Sitting through boring movies is part of a critic's job, and it becomes second nature to forge ahead stolidly. But the first 20 minutes of Robert De Niro's "The Good Shepherd" were so dull -- so aggressively, brain-freezingly dull -- that I wondered how I'd make it through the remaining 140.
Thankfully, this elephantine epic, a fictitious saga (written by Eric Roth) detailing one man's role in the birth of the Central Intelligence Agency, gets slightly more interesting as it lurches forward -- either that, or the thing somehow lulled me into a state of drugged compliance. You can hear the movie's impending themes thundering through the forest before their massive heads even start poking through the trees, chief among them the idea that duplicitousness in the name of duty -- particularly when you're working for the U.S. government -- can poison not just your heart but your whole family. This is a somber, weighty, gray picture, one that pays clear tribute to the "Godfather" movies as it tries to scale some very rocky moral territory. But it's so unsatisfying to watch that even its biggest, most meditative right-and-wrong quandaries come to seem puny. De Niro can't sustain the necessary tension from scene to scene: The picture feels slack and wrinkled, even when, maybe especially when, it needs to be taut. And nearly all the characters -- not just the secretive, CIA-employed ones -- are so unformed and hard to read that it's tough to have an emotional stake in what happens to them. "The Good Shepherd," soft when it needs to be sharp, is all cloak with very little dagger.
We first meet the lead character, Edward Wilson (Matt Damon), in the early 1960s, around the time of the Bay of Pigs. He's one of those anonymous, vague-looking, bespectacled men who spend their nights hunched over a hobby table (he's expert at building little ships in bottles) and their days shuffling along long, underlit hallways with other men dressed just like they are, in plain, drab suits and shapeless raincoats. You just know these guys are up to no good, partly because one of them is played by William Hurt, who has grown into the No. 1 casting choice whenever a movie calls for a seemingly benevolent baddie. These men enter each other's offices and throw manila file folders on one another's desks; John Turturro skulks about ominously. The most exciting moments in the first 1/20th of "The Good Shepherd" involve dim, grainy footage of two people rolling around in bed, with a psych-ward drone on the soundtrack; my heart leapt at even these halfhearted David Lynch references -- at least they were something.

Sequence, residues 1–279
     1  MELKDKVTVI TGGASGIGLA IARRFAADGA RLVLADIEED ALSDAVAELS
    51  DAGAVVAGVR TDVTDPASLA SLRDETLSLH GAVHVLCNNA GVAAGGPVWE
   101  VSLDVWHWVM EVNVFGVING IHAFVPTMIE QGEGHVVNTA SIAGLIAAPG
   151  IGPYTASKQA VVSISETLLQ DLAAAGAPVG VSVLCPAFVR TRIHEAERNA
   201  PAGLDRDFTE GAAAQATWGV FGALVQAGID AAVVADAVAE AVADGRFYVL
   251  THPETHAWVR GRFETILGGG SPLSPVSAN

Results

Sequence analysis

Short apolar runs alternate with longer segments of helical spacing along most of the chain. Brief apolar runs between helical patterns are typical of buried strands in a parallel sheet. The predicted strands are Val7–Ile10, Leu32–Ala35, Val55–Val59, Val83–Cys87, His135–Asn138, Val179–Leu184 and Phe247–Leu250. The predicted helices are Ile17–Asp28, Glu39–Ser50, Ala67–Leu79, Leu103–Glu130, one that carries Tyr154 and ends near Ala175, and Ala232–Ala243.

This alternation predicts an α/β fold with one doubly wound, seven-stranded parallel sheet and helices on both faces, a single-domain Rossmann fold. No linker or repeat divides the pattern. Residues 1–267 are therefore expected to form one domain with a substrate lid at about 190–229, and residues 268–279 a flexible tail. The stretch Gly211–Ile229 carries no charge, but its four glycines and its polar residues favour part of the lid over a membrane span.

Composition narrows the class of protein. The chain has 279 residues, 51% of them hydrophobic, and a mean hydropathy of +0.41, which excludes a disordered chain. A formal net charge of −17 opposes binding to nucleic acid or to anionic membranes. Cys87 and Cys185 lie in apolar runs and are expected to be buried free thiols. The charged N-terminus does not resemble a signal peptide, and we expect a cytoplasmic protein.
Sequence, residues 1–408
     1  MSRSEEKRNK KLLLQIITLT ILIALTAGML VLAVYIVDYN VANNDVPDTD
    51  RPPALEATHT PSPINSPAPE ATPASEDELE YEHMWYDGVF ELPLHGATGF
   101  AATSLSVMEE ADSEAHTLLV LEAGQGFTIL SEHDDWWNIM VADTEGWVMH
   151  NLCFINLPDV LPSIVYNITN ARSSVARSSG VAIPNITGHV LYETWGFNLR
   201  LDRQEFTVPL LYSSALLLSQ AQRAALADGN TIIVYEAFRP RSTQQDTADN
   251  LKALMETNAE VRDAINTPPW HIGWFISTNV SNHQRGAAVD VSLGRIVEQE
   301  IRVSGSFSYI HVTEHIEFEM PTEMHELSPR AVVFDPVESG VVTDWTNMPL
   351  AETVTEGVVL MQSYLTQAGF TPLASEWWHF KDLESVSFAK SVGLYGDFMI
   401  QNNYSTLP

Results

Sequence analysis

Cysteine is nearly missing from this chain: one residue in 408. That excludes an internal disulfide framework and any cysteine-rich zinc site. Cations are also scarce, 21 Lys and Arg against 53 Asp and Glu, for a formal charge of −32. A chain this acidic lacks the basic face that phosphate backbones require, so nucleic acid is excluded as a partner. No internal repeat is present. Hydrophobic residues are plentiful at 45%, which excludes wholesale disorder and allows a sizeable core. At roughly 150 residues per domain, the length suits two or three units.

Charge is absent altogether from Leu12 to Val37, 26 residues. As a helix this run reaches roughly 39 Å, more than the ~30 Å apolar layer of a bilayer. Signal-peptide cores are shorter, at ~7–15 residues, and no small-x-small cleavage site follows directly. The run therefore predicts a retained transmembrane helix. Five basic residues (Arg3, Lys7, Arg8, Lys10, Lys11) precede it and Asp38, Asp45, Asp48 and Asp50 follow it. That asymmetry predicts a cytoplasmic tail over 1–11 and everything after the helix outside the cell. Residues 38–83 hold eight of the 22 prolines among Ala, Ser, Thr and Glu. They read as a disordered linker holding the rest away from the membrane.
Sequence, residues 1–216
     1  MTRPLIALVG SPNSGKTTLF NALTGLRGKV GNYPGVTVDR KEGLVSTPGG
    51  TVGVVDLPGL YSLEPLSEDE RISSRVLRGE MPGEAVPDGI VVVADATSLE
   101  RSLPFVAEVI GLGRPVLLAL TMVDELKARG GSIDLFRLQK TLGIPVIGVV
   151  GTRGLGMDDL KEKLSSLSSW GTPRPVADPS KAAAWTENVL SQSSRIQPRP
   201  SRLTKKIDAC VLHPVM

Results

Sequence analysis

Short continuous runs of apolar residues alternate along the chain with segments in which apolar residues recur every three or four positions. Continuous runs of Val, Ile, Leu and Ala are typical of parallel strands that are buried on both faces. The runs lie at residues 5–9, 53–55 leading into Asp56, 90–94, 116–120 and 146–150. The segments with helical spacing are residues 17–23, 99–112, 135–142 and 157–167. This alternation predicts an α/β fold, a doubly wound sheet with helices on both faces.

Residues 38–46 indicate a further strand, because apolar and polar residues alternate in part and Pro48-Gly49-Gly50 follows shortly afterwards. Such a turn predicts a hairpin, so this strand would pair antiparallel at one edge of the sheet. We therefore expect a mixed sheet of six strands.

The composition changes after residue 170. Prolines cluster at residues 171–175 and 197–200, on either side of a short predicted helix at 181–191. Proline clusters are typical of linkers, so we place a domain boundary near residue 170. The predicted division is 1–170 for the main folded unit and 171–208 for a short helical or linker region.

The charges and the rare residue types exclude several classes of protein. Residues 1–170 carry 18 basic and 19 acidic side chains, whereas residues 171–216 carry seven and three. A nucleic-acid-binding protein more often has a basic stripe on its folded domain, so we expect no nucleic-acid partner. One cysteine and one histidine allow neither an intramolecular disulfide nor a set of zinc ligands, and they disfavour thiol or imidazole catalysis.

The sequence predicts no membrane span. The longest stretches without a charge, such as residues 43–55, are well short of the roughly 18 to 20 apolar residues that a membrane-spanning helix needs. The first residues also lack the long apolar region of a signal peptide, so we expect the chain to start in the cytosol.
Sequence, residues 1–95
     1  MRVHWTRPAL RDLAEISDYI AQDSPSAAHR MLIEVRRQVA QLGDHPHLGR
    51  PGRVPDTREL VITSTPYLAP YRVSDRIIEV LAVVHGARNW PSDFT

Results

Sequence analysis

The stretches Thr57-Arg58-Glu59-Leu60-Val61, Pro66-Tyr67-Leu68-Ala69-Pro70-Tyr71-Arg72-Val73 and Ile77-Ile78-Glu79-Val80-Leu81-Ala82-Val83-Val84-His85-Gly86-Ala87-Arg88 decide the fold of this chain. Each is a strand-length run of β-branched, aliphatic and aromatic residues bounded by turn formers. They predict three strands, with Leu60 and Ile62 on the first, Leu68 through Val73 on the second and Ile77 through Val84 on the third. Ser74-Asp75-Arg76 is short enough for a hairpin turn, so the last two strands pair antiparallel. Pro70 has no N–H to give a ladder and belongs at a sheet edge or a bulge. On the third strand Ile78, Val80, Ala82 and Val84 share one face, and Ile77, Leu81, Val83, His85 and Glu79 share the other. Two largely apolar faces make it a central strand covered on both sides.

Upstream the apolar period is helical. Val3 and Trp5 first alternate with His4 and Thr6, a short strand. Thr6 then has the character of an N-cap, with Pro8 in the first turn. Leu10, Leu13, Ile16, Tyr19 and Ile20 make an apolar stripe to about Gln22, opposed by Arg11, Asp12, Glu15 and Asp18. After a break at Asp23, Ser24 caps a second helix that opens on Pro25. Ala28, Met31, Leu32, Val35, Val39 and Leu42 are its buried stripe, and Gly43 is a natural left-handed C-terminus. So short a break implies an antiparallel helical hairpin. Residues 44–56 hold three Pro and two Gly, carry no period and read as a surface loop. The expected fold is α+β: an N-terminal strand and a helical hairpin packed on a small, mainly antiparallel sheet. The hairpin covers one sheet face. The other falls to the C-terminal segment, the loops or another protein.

Then, through flashbacks, we learn that Edward is a Yale-educated lover of poetry who, thanks largely to his collegiate affiliation with the supersecret Skull and Bones society, found himself working first for the OSS and later for the organization that sprang from its loins, the CIA. The women who drift through Edward's shadowy life include a sassy debutante named Clover (Angelina Jolie, who jazzes up the movie considerably when she enters it, although the indistinctness of her role eventually grinds her down) and -- no fooling -- a beautiful deaf girl named Laura (Tammy Blanchard, who squeezes some sparks out of her blandly beatific character).
Edward never set out to be an operative; it just happened that way. But before long he becomes a favorite of the extra-secretive Bill Sullivan (played by De Niro), who will engineer what will become the CIA. The guy has some serious foot problems and ends up in a wheelchair; at a big Christmas party, filled with other sneaky-looking government guys, he gets wheeled right up to a baptismal font of eggnog, so you know he must be important.
Damon's Edward spends most of the movie struggling with his conscience, a state that Damon plays with an array of muted shadings: He gives a gently shaped performance in a difficult, oblique role. In fact, most of the actors here do pretty well, even when they're asked to deliver ridiculous Cold War-code dialogue. (Talking on the phone, or just in casual conversation, characters are given to uttering flat non sequiturs like "The best-laid plans of mice and men.") Michael Gambon and Alec Baldwin have small roles, and they whip the picture into a state of semi-liveliness whenever they're on-screen.
De Niro -- this is the first film he has directed since 1993's "A Bronx Tale" -- shapes some individual scenes beautifully (including several in which Edward's awkward love for his son, played by a young actor named Tommy Nelson, comes through so tenderly that you can't help feeling sympathy for both characters). De Niro seems to be good with actors but less successful at stringing a movie together, and keeping it together, scene by scene. He doesn't have good instincts about what to keep in and what to cut out: One interminable sequence features many, many close-ups of hairy masculine knuckles turning dials and fiddling with various surveillance thingamabobs. The whole picture has a dull, worthy sheen (it was shot by Robert Richardson, in gray-flannel-suit tones), and it sends us home stooped with the weight of its life-and-death questions. By the end, "The Good Shepherd" has us fully convinced of the banality of evil. But does it have to come dressed in clothes from Robert Hall?